Donald Trump has a reputation of being a world class negotiator. He says he is going to renegotiate NAFTA and other international trade agreements. He has a concealed carry permit. His sons have hunted internationally, especially in Africa. He is a world traveler.
When a firearms owner in the United States leaves the country, he loses the protection of the Second Amendment. This does not mean he loses the right to self defense.
It is a historically recent development to be legally difficult for Americans to travel abroad with weapons. Prior to WWI it was done with frequency and little hassle. Prior to WWII, it was fairly common.
Traveling with rifles and shotguns was no problem in Canada before 2001. Bringing a handgun required that the pistol be sealed when in the country; the seal was removed when re-entering the United States. In Mexico, Americans could legally bring .22 caliber rifles and pistols in and out of the country without a problem until 1972.
This is a real problem for Americans traveling through other countries. Handguns are quite useful in Alaska, for hunting and self defense, but it is a bureaucratic nightmare to cross the Canadian borders with one. In Mexico, people can end up in prison for the mere possession of a single cartridge while crossing the border.
Merely traveling to Africa or Australia to hunt has become a bureaucratic nightmare.
It does not have to be that way.
When Donald Trump re-negotiates trade agreements, he should include a provision for international reciprocity. Both Canada and Mexico have people who may legally be armed inside of their country. There are people who have permits to be armed, even if they are rare. The reciprocity would be a simple proposition. A country supplies us with a list of people who may legally carry in their country; we supply them with a list from ours. In the days of computers this is simple and easy.
Obtaining legal authority for Americans to be armed abroad could have been cemented in place shortly after WWII. Unfortunately, our leadership was “progressive” and thought the Second Amendment was old fashioned.
We could have included the provision into international arms agreements and or military aid agreements. At the time it would only have applied to a tiny number of concealed carry permits. I believe that we can still negotiate such deals.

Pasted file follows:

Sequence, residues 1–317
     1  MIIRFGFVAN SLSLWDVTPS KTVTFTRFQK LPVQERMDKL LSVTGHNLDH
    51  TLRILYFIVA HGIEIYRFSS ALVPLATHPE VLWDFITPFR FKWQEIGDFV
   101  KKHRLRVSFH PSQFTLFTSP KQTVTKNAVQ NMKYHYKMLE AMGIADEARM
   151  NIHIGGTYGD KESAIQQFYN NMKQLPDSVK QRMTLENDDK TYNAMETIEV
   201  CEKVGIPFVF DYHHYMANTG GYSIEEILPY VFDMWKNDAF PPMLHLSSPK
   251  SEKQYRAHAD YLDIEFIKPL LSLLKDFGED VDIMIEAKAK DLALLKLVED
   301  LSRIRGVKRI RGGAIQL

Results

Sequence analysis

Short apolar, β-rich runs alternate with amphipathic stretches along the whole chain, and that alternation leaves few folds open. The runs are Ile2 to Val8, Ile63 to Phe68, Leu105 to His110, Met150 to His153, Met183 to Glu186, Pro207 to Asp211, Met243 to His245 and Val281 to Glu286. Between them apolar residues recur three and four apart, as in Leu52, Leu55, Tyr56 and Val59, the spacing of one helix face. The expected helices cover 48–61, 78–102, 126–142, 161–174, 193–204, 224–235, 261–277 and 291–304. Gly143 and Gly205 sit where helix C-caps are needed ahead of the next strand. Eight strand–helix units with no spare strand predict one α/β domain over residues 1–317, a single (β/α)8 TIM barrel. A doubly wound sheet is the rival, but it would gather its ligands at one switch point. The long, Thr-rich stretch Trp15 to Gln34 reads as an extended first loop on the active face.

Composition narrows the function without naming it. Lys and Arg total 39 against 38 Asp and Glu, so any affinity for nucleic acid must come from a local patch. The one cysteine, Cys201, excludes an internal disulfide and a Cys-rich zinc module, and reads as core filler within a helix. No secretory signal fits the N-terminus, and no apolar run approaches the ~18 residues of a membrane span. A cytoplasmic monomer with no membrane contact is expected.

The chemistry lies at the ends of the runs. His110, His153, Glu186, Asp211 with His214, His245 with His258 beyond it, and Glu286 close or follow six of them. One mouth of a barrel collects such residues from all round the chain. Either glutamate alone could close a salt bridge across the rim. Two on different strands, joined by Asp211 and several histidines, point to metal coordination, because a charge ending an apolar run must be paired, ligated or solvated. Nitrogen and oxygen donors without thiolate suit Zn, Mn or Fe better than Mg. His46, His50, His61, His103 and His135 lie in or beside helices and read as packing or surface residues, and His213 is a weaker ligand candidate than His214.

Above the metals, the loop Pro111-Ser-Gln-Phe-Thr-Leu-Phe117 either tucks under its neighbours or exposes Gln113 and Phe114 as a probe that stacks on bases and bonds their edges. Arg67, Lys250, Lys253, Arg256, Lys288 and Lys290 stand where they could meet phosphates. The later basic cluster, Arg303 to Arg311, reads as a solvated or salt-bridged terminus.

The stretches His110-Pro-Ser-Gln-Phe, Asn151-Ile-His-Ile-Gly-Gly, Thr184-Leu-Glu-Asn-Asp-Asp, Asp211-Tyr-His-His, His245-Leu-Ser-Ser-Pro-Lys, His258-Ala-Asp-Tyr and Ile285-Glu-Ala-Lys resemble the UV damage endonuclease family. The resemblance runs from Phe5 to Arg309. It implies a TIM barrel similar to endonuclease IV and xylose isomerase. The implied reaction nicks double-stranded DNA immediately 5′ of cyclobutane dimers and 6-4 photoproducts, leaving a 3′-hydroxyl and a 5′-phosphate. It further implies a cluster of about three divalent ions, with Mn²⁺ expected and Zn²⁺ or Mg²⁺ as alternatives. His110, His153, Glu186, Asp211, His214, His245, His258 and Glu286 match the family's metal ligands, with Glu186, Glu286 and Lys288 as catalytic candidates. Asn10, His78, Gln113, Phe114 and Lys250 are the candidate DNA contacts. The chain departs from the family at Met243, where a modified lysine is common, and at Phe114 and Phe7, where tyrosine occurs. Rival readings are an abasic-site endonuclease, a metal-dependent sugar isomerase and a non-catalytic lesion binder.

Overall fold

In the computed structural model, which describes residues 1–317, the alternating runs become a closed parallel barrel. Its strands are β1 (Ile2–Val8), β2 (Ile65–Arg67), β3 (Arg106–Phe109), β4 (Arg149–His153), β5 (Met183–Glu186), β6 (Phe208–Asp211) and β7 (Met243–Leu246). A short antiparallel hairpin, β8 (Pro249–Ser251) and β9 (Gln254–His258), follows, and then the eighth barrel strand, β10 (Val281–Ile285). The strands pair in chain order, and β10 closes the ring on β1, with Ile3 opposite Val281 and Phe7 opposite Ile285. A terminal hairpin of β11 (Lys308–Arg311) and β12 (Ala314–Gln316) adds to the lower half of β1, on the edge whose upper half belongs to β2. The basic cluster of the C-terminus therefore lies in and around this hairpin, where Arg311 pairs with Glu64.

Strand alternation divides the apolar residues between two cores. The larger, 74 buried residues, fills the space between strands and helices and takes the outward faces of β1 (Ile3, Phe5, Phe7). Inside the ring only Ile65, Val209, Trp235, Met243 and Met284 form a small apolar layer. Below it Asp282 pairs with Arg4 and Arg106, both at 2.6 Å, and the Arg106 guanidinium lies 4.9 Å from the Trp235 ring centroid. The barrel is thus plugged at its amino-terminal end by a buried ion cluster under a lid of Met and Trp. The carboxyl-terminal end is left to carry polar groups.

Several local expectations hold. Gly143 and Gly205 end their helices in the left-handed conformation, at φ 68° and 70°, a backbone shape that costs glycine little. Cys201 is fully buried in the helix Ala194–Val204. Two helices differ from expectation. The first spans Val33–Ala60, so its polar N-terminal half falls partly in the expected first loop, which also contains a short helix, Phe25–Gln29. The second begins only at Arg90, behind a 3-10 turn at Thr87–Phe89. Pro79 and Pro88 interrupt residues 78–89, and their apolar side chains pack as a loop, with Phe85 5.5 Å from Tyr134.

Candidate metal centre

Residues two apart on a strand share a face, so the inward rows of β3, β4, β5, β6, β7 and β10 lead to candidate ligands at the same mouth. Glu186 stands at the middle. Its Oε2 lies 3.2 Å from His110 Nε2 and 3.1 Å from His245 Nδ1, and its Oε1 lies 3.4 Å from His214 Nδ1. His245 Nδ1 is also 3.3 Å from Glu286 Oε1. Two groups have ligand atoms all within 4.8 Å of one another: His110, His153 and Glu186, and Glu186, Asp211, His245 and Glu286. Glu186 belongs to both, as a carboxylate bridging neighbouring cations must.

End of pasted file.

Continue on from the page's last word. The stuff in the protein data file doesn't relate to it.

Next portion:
Permits are available in both Mexico and Canada, but they are issued in very small numbers. In Mexico, From fed-soc.org:
The grounds for issuing a carry permit are: a need due to occupation or employment; special circumstances related to one’s place of residence; or other reasonable grounds. A carry permit applicant must also post a bond, and must supply five character references. Farmers and other rural workers are allowed (in theory at least) to carry legal handguns, .22 caliber rifles, and shotguns, as long as they stay outside of urban areas, and obtain a carry license.
But in practice, carry licenses are restricted to the wealthy and the politically connected.11 In a nation of 105 million people, there are only 4,300 carry licenses.
There are a similar number of permits issued in Canada. From cbc.ca:
There are just two categories of individuals who are allowed an authorization to carry: those who require one because of their occupations and those who need one for the “protection of life.” They need to get an authorization from the chief firearms officer for their province or territory.
According to RCMP data the National Firearms Association received in response to a recent access to information request, the average number of authorizations to carry issued was 8,169 per year between 2005-2011. The report does not provide a breakdown on the reasons for authorization. The access request was for information on training in firearms proficiency.
It is reasonable that trade agreements between the U.S., Canada, and Mexico include such a reciprocity agreement. People with carry permits in the United States have shown that they are far more law abiding than police.
For other countries the provision could be included as part of a defense agreement. In Europe, it could be part of NATO negotiations. In other countries, it could be part of an aid or weapons sales agreement. In many countries, it is only the powerful and wealthy who are legally armed. Many of them would like to be able to carry in the United States.
If we are going to provide arms and aid, there is no reason that trusted citizens from each country could not be allowed to carry self defense tools in the other country. It is insane that we provide billions in aid to Egypt, yet Americans who visit are required to be disarmed and helpless in the face of jihadi mobs.
I do not have problems with allowing Saudi princes to carry defensive or hunting firearms in the United States. Many may already do so under diplomatic immunity.
The reason we have not done this is clear. The “progressive” leadership of both parties in the United States want a disarmed population. Negotiating the ability to be armed abroad validates the necessity and practicality of armed self defense.
Because of American movies, many people in other countries already assume that Americans are routinely armed.
A Trump administration should work to make that assumption a reality.
©2016 by Dean Weingarten: Permission to share is granted when this notice is included.
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